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ARCHITECTURAL HERITAGE

Behind the façades

USP inventory calls attention to the loss of historic structures in the state’s first coffee-growing region

Poorly preserved house in São José do Barreiro: exposed walls, as found in other cities of the Vale Histórico Paulista

EDUARDO CESARPoorly preserved house in São José do Barreiro: exposed walls, as found in other cities of the Vale Histórico PaulistaEDUARDO CESAR

A white mansion with blue doors, once the home of wealthy men, a public school and city hall, and later abandoned for 18 years, now reigns elegantly, showcased under nighttime floodlights, on a plaza in Bananal, a city in the state of São Paulo near the border with Rio de Janeiro State. The restoration of sections of walls as well as the 16 doors and 32 windows of its façade, and the renovation of its interior—which required hauling away 11 truckloads of debris mixed with rat and bat excrement—were spearheaded by three city residents. In 2001, Reinaldo Afonso and Margarida Duarte Afonso, who are husband and wife, along with Vera Lúcia de Paula Antunes da Silva, voluntarily took on the task of reviving the building in which they learned to read. Much remains to be done. The interior is a woeful sight—gloomy, doors falling off their hinges, holes in the floor. Twenty eucalyptus columns, installed temporarily in 1985, hold up the fragile ceiling beams. A broken piano at the foot of the staircase hints of music lessons of a bygone era.

The lights and shadows of the Vallim Mansion illustrate the contrasts, uncertainties and difficulties of preserving the cultural and architectural heritage of the Vale Histórico Paulista [São Paulo Historic Valley], the region where coffee plantations were first established in the state of São Paulo in the early 19th century. The mansion is named after its first owner, Manoel de Aguiar Vallim, who had it built in 1855 as a place where he could welcome English traders and government officials. In Bananal and its neighboring cities, many historic structures have now been restored, including the São José do Barreiro City Hall, a mansion that once served as the city jail. Other buildings have only their façades preserved, in front of run-down or modernized interiors, and some are being renovated. Several houses, empty or undergoing renovation, have sections of plasterless walls that expose red earth and tree trunks, calling to mind the bones and veins of a skinless body. Locals tell the story that several old houses were consumed by rain, tumbled into ruins and disappeared back into the earth from which they were built.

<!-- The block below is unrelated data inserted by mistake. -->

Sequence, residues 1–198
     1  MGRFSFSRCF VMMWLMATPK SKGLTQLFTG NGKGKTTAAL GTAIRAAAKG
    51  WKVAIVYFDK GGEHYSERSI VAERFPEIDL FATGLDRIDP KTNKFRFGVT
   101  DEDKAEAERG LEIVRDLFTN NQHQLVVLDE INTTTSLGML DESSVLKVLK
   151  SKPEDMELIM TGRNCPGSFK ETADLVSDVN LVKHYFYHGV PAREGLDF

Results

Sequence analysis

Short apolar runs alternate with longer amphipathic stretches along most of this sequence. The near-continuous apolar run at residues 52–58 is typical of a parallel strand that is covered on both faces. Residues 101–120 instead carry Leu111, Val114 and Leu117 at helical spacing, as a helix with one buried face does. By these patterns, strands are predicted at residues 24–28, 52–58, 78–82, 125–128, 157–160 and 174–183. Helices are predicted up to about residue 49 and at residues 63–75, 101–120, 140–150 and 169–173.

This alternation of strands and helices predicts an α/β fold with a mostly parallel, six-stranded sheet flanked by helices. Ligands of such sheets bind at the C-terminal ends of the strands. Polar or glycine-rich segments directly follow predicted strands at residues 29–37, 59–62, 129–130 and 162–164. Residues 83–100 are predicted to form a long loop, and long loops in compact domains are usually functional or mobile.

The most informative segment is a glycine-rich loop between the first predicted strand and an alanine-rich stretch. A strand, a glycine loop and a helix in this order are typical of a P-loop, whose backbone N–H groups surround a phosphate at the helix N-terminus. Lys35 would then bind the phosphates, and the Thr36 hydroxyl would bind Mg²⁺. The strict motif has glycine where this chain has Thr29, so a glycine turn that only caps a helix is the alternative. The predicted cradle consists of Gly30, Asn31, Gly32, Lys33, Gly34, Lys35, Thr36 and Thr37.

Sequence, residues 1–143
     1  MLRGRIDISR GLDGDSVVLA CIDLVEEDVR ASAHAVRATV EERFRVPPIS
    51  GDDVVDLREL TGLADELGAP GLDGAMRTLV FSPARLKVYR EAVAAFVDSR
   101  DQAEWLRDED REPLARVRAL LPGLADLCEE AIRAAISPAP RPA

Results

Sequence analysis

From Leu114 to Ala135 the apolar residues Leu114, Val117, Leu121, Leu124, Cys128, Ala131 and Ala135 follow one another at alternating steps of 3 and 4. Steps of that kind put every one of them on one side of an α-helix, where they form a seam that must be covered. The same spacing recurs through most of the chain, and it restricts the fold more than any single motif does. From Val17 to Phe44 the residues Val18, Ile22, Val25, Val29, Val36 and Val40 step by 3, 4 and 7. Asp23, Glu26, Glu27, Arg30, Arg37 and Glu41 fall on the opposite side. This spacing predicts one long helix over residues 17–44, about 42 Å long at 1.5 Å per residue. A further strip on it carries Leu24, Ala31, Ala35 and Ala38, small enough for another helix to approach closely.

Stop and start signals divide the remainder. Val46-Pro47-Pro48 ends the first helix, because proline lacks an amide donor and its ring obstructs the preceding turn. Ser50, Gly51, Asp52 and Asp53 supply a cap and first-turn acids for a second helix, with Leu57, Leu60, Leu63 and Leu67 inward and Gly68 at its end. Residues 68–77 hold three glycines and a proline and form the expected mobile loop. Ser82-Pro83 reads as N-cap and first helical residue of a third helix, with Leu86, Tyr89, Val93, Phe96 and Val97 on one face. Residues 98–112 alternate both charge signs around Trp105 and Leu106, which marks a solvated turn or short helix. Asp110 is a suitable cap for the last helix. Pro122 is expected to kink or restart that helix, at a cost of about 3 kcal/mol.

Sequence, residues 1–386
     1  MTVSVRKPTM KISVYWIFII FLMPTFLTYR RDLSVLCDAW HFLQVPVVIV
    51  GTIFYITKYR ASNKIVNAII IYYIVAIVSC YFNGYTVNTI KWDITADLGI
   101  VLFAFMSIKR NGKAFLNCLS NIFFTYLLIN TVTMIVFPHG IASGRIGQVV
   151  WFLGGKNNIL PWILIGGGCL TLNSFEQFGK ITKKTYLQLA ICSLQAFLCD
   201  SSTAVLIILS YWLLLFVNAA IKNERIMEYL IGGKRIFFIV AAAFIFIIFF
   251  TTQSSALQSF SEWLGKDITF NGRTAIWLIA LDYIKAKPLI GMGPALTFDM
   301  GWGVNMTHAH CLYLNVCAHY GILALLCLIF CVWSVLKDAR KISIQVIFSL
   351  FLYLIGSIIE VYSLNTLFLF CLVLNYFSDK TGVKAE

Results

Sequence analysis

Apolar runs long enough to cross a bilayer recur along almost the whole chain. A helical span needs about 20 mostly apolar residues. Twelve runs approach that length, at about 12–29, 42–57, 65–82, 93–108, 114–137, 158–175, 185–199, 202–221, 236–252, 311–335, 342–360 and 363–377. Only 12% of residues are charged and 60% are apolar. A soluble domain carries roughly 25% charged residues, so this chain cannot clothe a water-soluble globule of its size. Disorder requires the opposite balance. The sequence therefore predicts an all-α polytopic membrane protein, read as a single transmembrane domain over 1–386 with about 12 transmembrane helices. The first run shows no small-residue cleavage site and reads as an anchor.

“The loss is never-ending,” says historian Sílvia Helena Zanirato, a researcher at the School of Arts, Sciences and Humanities at the University of São Paulo (EACH-USP). From February 2013 to December 2014, Zanirato and her team of historians, environmental managers, microbiologists, biologists, chemists and climatologists inventoried 195 urban and rural structures from the coffee period in five cities in the region—Bananal,  São José do Barreiro, Areias, Silveiras and Queluz. All of the structures were built during the colonial period along the old road between São Paulo and Rio de Janeiro. The survey indicated that 78 houses, or 40%, are at risk of collapse or in need of urgent repair. According to the findings, 36 houses need repair because the roof is falling in, 16 because the walls have cracks, and 8 because their proximity to hillsides makes them subject to landslides or flooding in the event of heavy rains and overflowing rivers.

Interior of the Vallim Mansion in Bananal: nearly everything behind the restored façade needs renovation

Eduardo CesarInterior of the Vallim Mansion in Bananal: nearly everything behind the restored façade needs renovationEduardo Cesar

Ubiquitous termites
The researchers documented a steady loss of historic heritage. Queluz, with 10,000 residents, has only 11 urban houses and one farmhouse from the coffee period. Silveiras, a town of about 6,000, has only seven. Bananal, the region’s largest city at slightly over 10,000 residents, has a more extensive heritage, with 65 historic urban and rural houses from the coffee period within the city limits, and nine in the rural area. São José do Barreiro, population 4,000, has 52, and in Areias, with 4,000 residents, there are 42.

“None of the houses here are in bad condition,” says Cláudio Carvalho Costa, head of Areias’ cultural secretariat. He says there used to be only two houses of historic value in critical condition with collapsing roofs, besides the mansion that houses the cultural secretariat, but they were sold and renovated. In Areias, says Zanirato, the biggest problems are with the buildings on the farms. In each city, most of the historic structures have modifications or adaptations that raise questions about their authenticity. “Along the streets in historically designated central Bananal, we see buildings that were or are being rebuilt and heavily modified, without the proper communication with the agencies in charge of historic heritage protection,” she points out.